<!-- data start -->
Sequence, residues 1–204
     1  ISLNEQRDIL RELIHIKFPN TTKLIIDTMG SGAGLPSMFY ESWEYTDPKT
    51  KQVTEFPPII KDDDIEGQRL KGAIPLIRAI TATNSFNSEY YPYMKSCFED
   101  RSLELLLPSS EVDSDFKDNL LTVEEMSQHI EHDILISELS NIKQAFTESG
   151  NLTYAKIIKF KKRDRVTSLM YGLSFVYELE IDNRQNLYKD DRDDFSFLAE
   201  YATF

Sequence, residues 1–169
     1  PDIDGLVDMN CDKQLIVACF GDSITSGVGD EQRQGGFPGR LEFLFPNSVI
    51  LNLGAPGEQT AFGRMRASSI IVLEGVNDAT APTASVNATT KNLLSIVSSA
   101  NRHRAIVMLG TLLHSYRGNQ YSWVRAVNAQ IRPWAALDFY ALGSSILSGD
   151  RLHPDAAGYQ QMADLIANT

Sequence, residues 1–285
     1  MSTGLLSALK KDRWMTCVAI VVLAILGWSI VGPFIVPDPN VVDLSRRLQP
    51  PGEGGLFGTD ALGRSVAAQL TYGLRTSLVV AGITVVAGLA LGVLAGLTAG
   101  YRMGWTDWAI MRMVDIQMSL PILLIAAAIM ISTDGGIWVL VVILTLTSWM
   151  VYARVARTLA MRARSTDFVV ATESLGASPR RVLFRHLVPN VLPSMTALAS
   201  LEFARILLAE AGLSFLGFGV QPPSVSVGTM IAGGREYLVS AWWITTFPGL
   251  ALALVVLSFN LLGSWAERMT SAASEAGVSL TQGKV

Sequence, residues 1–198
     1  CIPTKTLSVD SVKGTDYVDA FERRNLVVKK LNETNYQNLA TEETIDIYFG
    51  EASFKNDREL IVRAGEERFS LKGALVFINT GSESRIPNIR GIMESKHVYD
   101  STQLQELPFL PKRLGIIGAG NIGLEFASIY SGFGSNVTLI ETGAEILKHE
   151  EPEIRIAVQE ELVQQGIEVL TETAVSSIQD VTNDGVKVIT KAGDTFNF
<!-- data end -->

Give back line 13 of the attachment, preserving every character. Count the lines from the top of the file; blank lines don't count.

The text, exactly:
     1  MSTGLLSALK KDRWMTCVAI VVLAILGWSI VGPFIVPDPN VVDLSRRLQP